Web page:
BLOG / Interviews with Change-Makers: Meet CoFED 

Interviews with Change-Makers: Meet CoFED 

Author: Apeel Team

As part of our mission to fight global food waste, Apeel is proud to support organizations out here doing the good work to drive systems of change within the food industry. These are the heroes of the broader Food Gone Good movement. One such organization is CoFED (Cooperative Food Empowerment Directive) who is on a mission to build a cooperative food economy, powered by the truly visionary leadership of young people of color as well as queer and nonbinary individuals. 

Apeel has donated to the cause of supporting twelve food cooperatives through CoFED’s regranting program, CoFUND. In addition to grant funding, these grantees will also have access to 12 months of technical assistance in business management, financial and operational skills, and communications support. 

To share more about CoFED’s vision and goals, we have Dallas Robinson, CoFED’s Director of Communications, here to answer a few questions: 

For those who don’t know, can you share more about what CoFED is working towards?

Dallas: Yes! CoFED is a QBPOC-led organization that partners with young folks of color from poor and working-class backgrounds to meet our communities' needs through food and land co-ops. We are building the leadership of young BIPOC cooperators to practice cooperative values, economics, and strategies for collective liberation.

When and why was CoFED started?

Dallas: CoFED was founded in 2011 after 2 years of college students organizing for better food access on their campuses through cooperation. In 2016, we expanded our work beyond campus food cooperatives. CoFED had a goal to address the need for nourishing economies, food sovereignty, and land access beyond institutions.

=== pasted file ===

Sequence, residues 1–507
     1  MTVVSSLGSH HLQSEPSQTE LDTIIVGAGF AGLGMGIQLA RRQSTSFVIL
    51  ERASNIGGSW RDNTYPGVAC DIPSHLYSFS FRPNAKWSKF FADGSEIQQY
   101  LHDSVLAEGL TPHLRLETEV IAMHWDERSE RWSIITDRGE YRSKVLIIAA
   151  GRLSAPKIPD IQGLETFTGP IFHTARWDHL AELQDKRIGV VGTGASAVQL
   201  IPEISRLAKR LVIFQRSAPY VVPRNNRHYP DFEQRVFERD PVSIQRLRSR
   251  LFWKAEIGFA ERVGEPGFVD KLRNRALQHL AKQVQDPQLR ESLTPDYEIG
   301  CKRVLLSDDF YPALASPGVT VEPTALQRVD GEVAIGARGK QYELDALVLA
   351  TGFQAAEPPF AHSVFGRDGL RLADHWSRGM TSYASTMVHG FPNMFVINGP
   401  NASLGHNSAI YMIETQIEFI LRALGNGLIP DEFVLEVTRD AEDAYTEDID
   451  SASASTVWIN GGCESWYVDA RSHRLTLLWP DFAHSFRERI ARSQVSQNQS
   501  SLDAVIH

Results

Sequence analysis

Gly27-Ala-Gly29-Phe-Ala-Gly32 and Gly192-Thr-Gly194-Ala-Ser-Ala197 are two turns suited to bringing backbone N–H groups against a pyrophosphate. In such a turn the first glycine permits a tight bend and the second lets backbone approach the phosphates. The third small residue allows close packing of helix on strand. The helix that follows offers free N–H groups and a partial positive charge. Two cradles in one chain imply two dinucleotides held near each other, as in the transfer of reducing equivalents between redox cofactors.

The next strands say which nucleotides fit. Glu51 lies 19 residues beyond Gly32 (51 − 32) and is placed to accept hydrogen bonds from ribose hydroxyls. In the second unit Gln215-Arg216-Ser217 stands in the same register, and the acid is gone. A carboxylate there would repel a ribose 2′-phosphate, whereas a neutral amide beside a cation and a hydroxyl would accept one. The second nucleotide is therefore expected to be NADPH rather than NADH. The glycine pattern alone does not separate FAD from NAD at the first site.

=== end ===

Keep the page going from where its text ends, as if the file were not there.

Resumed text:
Since 2011, we have developed 12 new cooperative projects, trained over 600 emerging cooperative leaders, and cultivated a community of nearly 4,000 supporters across the U.S. and Canada. We have learned that our work must be rooted in relationships, values guided, and that if it is not nourishing, then we can let it go.

How are you working with Apeel to further CoFED’s goals?

Dallas: We are so thrilled to have Carlos Hernandez on our Board! He has brought sweetness and creativity to our team. Apeel was a huge support for the CoFUND, our first-ever regranting program. We are also collaborating with Monica Bi to talk about food justice, cooperatives, and culturally relevant foodways with interns at Apeel this summer.

Amazing. And where can people learn more about what you’re doing?

Dallas: You can learn more about CoFED at our website here. Follow us on social media as well: Instagram, Facebook, Twitter, LinkedIn